Paul was going to finish the race and no enemy was going to deter him.  No amount of loneliness was going to either.  You see, this point really stands out when you realize all the people on Paul’s mind at that very moment who were quitting.  Demas quit Paul’s team because he loved the world (v10).  In chapter 1 verse 15 Paul’s pain is seen when he says, “You know that everyone in the province of Asia has deserted me, including Phygelus and Hermogenes.”  How that must have cut Paul that these three men so close to Paul would abandon the work.  In chapter 2 Paul names Hymaneaus and Philetus as having abandoned not just the work, but, truth, and began to teach false doctrines about the resurrection.  


It seems that as Paul writes more of this letter he feels more acutely the fact that abandonment of the faith is only going to get worse.  The first 9 verses of chapter 3 explain how bad it is going to get as people turn on the faith.  And then, perhaps most famous of Paul’s warnings, right before our text today, in chapter 4 verses 3 and 4 Paul tells Timothy of the mass abandonment that will happen, “For the time will come when men will not put up with sound doctrine.  Instead to suit their own desires, they will gather around them a great number of teachers to say what their itching ears want to hear.  They will turn their ears away from the truth and turn aside to myths.”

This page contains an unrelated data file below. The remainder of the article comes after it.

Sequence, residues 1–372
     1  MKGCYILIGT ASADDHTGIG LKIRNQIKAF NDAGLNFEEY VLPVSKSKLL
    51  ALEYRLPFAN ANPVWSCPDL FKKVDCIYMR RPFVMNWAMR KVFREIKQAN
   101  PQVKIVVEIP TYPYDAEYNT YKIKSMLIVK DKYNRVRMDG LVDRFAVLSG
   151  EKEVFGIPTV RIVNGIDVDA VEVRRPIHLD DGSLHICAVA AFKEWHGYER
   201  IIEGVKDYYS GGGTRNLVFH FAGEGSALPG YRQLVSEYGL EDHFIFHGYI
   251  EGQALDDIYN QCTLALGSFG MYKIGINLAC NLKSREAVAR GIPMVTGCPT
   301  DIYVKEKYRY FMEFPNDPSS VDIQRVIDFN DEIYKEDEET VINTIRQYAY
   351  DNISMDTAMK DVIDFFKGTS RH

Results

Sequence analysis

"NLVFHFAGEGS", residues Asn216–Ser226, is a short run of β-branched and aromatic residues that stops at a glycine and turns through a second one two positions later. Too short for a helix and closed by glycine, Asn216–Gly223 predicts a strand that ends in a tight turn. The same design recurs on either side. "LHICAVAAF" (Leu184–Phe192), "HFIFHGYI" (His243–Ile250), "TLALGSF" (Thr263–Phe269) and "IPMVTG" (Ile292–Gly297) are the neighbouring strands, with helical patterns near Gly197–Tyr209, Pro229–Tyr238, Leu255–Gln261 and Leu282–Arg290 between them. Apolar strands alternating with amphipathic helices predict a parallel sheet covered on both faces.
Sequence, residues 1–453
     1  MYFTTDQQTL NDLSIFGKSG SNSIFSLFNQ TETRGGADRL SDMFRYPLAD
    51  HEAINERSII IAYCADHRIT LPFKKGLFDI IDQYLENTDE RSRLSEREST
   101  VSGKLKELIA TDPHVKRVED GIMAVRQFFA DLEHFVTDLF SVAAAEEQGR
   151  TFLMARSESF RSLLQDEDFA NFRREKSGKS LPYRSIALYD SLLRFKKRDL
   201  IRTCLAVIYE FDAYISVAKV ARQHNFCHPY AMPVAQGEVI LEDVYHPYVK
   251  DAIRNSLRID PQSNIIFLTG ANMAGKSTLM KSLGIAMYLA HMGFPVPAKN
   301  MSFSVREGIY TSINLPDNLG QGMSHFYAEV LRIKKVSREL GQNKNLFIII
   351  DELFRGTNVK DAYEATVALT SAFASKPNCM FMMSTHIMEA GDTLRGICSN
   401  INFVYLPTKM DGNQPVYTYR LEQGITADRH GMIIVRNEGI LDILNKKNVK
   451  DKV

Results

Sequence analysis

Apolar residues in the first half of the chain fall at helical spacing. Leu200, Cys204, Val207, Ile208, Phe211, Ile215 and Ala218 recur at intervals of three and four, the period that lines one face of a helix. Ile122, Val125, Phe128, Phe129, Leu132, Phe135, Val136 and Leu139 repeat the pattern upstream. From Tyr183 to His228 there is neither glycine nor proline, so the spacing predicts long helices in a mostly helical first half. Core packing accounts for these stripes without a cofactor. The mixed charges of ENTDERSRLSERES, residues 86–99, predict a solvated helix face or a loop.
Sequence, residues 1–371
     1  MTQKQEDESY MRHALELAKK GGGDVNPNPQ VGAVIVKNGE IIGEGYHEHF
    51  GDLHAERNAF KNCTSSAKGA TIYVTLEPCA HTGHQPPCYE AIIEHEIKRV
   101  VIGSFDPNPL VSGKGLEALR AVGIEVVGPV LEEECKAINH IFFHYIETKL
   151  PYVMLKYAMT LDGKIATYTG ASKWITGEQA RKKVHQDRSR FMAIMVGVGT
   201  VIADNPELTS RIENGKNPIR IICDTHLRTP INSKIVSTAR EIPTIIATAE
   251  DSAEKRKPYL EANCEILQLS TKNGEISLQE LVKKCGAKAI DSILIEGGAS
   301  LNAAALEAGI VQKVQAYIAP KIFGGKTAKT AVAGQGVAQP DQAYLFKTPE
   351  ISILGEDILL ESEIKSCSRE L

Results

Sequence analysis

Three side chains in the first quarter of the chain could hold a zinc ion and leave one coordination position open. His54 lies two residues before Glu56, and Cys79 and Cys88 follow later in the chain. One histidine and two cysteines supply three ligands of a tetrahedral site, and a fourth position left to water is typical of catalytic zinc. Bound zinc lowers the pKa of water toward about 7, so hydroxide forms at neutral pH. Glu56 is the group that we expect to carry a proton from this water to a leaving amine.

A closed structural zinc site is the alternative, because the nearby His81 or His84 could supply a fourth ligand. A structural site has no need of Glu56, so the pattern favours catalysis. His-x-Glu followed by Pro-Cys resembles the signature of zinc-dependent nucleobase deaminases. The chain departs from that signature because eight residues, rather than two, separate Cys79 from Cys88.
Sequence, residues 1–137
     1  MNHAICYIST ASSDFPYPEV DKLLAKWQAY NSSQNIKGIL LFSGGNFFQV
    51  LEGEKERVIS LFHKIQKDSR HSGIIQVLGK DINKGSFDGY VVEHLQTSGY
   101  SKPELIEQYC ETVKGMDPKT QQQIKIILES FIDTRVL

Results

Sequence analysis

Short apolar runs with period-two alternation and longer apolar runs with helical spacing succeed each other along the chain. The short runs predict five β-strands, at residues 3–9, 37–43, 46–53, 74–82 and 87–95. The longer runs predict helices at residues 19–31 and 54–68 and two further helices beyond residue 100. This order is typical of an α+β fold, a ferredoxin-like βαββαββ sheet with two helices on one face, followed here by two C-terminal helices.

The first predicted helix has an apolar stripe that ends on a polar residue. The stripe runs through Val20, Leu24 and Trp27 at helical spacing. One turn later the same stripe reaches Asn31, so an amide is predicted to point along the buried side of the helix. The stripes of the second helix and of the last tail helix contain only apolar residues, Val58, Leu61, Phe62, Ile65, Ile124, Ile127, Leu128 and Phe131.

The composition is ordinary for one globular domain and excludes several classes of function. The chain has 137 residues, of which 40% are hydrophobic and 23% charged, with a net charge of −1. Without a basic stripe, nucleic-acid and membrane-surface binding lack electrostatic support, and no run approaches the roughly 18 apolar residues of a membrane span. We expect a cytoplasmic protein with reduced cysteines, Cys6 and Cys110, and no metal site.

Here’s the thing:  Paul’s commitment was not dependent on the commitment of other Christians.  Paul embodied Peter’s vow, “Lord, even if all others fall away on account of you I never will.  I will follow you even unto death.” (Matth. 26:33-35)  Jonathan Edwards made a list of vows he spent all his energy trying to fulfill in his Christian life.  Wanna know the first two on his list?  Number one:  “Live for God.”  Number 2:  “If no one else does, I still will.”  Our commitment to Jesus comes not from seeing the commitment of others.  It comes from seeing our glorious Jesus and how worthy He is of our devotion no matter if everyone else walks away.


Application:  How do you want to finish your race?  How do you want to end your life?  In shambles?  In shame?  Wishing you had done it all differently?  Or, do you want to end it with the satisfaction a person has when they’ve done something well?  Do you want to end confidently?  Paul is forcing each one of us to truly ask ourselves the question:  What is most valuable to me?  Is the praise of men?  Is my personal prosperity?  Is achievement?  Is fame?  Success?  Is it Jesus Christ?  Make it Christ and you will never regret never having gained anything else.  I wise man once put it much better than I ever could when he said “But whatever was to my profit I now consider loss for the sake of Christ.  What is more, I consider everything a loss compared to the surpassing greatness of knowing Christ Jesus my Lord, for whose sake I have lost all things.  I consider them rubbish, that I may gain Christ.”